“Bite-Size Bits of Local, National, and Global History”
“Bite-Size Bits of Local, National, and Global History”
Butte in Silver Bow County, Montana — The American West (Mountains)


Old Lexington Gardens

— Montana's Copperway —

Butte Marker image. Click for full size.
Photographed By Barry Swackhamer, July 12, 2021
1. Butte Marker
Inscription.  Long known as the "Richest Hill on Earth" Butte produced more mineral wealth than any other mine district in the world up to the middle of the 20th century. To date over $43 billion of wealth has been unearthed from this hill. This extraordinary phenomenon emerged at the height of the Industrial Revolution when the mining hill became the most concentrated area of industrial machines on earth. The colossal machines spawned the most influential labor market anywhere, the most ethnically diverse population in the country, the largest red-light district in the American West, nine railroads, the largest network of underground workings per square mile in the world (over 10,000 miles of tunneling), more wealth per citizen than any comparable place on earth up to that time, and a titanic struggle for the hill's riches by both entrepreneurs and laborers. But over a century of mining left a legacy of exposed toxic mine wast and polluted water. Thus here at the headwaters of the Columbia River and in the most biologically diverse area of North America, Butte became the site of the nation's largest environmental cleanup. Explore more of the largest historic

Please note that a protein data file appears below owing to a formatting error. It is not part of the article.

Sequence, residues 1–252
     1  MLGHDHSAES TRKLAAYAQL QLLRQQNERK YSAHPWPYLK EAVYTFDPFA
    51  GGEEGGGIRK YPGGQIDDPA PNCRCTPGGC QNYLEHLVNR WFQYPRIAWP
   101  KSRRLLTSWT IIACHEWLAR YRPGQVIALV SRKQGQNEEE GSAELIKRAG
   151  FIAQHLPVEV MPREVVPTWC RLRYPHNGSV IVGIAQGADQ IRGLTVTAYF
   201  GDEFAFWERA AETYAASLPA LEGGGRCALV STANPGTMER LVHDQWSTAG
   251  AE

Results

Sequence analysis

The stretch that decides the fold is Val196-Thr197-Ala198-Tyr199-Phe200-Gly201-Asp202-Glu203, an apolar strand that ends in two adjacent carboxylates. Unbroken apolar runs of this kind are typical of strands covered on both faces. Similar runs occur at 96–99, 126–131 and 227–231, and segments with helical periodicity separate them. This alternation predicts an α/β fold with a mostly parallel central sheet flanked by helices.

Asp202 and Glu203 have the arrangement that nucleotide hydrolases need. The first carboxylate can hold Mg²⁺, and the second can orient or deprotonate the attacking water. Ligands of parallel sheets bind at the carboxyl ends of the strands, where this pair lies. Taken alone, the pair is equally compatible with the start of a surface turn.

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district in the American West both around town and on this site.

(Three panels are found on the back of the Butte marker:)

The Old Lexington Stamp Mill
The Old Lexington Stamp Mill was Butte's first stamp mill. It began as a five stamp mill and was erected on this site by Charles Hendrie in 1867. The stamp mill is an ore crushing machine that pounds rock into fine sand. Soon after the mill's construction, Hendrie left Butte and never returned. A.J. Davis held a lien on the property and took over the mill. It laid idle for 9 years until a process to extract the minerals out off Butte's complex compounds was discovered. Because of the newly discovered metal extraction process, the mill was enlarged to ten stamps, and first blew it's work whistle on January 23, 1877. Eventually enlarged to a 20 stamp mill, it operated around the clock until Davis' death in 1890. In 1881 Davis sold the mill along with the Lexington Mine to a French syndicate for $1 million (about $15 million in today's money). This was the largest transaction in Butte up to that time. Eventually, the mill processed about $45 million of wealth in today's money. (The Mill is behind you)

Andrew Jackson Davis 1820 to 1890
At the age of 13, Davis left home to be an errand boy for a Boston merchant. At 15 he borrowed
Butte Marker, reverse image. Click for full size.
Photographed By Barry Swackhamer, July 12, 2021
2. Butte Marker, reverse